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Liberal Outrage Is Big Business ... for Republicans

By Dustin Rowles | Social Media | May 20, 2024 |

By Dustin Rowles | Social Media | May 20, 2024 |


Rolling Stone released an interview today with Kid Rock — aka Bob Ritchie, the wealthy kid from Michigan masquerading as a redneck — in which the musician gets belligerently drunk, waves around a gun, and repeatedly uses the N-word. At the end of the interview, however, he tells the journalist David Peisner, “Just write the most horrific article about me. Do it. It helps me.”

A few years ago, a white musician using the N-word multiple times might have been a cause for cancellation, but if there’s anything that we’ve learned recently, it’s that liberal outrage has only helped the careers of MAGA-Republicans who are the targets of that outrage. There’s a reason Bob Ritchie wanted Peisner to write a horrific article about him. It’s because it will make him wealthier and even more popular with a subset of Trump-supporting Americans who love to rebel against the establishment, even if it means risking their lives (refusing vaccines), spending time in prison (storming the Capitol), committing murder (see Kyle Rittenhouse), or bragging about wearing adult diapers. These same people who complain about inflation, student debt relief, and economic anxiety still have plenty of money to spend to support bigots.

Bob Ritchie certainly found this out when he became a liberal boogeyman not only by expressing transphobia but also by instigating a Bud Light boycott because a trans woman received a can of beer with her picture on it. He would later walk back that boycott, much to the disappointment of the MAGA-faithful, which may be why he’s angling to win back their affection by spewing racial slurs.

It’s not just Ritchie, either. Just last week, Harrison Butker, the kicker for the Kansas City Chiefs, gave a commencement speech where he suggested that women belong in the kitchen and that being gay is a sin, among other things. Has the outrage in response hurt Butker’s career? Or his bottom line? No. His jersey became the best-selling Chiefs jersey, something that has probably never been the case for a kicker.

Likewise, does anyone remember what happened to country musician Morgan Wallen in 2021 after he was caught on camera using the N-word? His album sales surged — he remained at the top of the charts for seven weeks after the controversy. His album became the best-selling of the year, and it won Album of the Year at the Academy of Country Music. He also won Favorite Male Artist at the Country Now awards. Getting drunk and dropping a racial epithet was the best thing to ever happen to his career.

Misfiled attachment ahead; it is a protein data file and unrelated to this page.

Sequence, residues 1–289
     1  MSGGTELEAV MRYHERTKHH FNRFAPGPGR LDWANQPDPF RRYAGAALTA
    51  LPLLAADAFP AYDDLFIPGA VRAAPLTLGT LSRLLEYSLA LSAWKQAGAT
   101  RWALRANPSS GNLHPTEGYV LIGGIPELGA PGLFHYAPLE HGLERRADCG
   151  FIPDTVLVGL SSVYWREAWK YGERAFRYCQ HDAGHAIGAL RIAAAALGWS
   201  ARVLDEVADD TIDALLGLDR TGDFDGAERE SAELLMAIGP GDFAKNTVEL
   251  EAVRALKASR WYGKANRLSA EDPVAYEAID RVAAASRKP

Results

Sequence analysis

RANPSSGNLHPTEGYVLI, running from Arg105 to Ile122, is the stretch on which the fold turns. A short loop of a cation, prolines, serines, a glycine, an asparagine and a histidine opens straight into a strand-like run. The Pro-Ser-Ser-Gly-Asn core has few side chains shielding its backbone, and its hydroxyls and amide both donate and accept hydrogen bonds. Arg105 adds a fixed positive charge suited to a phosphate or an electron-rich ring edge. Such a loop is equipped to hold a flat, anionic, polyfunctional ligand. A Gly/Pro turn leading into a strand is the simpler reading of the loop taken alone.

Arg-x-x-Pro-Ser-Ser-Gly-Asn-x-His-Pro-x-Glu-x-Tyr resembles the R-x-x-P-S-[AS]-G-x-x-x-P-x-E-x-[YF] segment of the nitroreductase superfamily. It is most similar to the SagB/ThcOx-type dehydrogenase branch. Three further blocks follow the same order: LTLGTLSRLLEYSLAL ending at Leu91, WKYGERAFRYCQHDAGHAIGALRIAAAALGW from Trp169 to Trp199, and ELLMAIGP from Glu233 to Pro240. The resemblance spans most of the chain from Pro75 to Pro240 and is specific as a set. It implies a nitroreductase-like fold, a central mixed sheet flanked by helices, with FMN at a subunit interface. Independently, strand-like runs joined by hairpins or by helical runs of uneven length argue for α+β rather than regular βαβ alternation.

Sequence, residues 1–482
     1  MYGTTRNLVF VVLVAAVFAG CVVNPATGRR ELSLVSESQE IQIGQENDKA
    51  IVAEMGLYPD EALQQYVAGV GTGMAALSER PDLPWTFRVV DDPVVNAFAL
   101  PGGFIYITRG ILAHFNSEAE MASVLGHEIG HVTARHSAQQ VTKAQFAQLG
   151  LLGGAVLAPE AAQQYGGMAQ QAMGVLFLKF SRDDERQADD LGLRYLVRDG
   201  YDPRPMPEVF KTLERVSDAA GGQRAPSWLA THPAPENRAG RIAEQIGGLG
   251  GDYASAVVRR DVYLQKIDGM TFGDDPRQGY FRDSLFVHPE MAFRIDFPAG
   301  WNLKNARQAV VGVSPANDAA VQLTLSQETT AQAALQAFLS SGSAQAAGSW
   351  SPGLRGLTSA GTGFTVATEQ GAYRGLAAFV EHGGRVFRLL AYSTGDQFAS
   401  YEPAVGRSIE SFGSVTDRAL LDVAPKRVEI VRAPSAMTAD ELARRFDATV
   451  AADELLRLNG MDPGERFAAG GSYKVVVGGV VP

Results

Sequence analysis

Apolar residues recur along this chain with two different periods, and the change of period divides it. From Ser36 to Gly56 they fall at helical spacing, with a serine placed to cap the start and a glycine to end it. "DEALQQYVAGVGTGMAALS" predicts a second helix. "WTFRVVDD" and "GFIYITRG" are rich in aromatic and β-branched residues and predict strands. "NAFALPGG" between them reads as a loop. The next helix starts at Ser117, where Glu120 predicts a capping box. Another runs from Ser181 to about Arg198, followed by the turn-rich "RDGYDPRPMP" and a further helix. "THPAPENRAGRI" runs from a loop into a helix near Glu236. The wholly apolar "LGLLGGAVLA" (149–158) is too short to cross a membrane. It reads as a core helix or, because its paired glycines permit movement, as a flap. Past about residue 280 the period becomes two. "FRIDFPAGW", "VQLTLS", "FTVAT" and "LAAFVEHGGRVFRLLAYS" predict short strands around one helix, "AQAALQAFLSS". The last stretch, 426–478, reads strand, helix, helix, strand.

The same thing happened to Jason Aldean. His song, “Try That in a Small Town,” was accused of being a coded endorsement of racism and lynching, and the video for the song was pulled from CMT. The next week, the song shot to number two on the charts before rising to number one, becoming the biggest hit of Aldean’s career.

So-called cancel culture is the best thing to ever happen to these people. Indeed, the reason why conservatives (mostly) continue to rail against cancel culture is because it’s the quickest route to success. It’s a successful formula by now: Publicly say something racist, sexist, or homophobic, endure a day or two of negative headlines, and come out of the other end wealthier and more popular. They’re even doing it intentionally now. In addition to Ritchie asking a journalist to write about him negatively, stand-up comedian Matt Rife flipped his entire brand by making a domestic violence joke during his most recent special. What did he get in return? Netflix’s most popular stand-up special and a deal for two more specials and his own sitcom on Netflix.

The business strategy, of course, puts liberals, Democrats, and others who are not bigots in a bind. We obviously want to call out and condemn racism, sexism, homophobia, and other bigotry, but in doing so, we’re inexplicably rewarding bad behavior because MAGA cultists live in a bizarro world where the unequal treatment of others is considered a positive. How do we even navigate a cultural environment where every indictment of a former president raises his approval rating? There may be value in putting more emphasis on elevating and supporting the voices, art, and perspectives of musicians, public figures, and creators from diverse backgrounds rather than letting the conversation be driven by the latest offensive provocation from MAGA-aligned celebrities.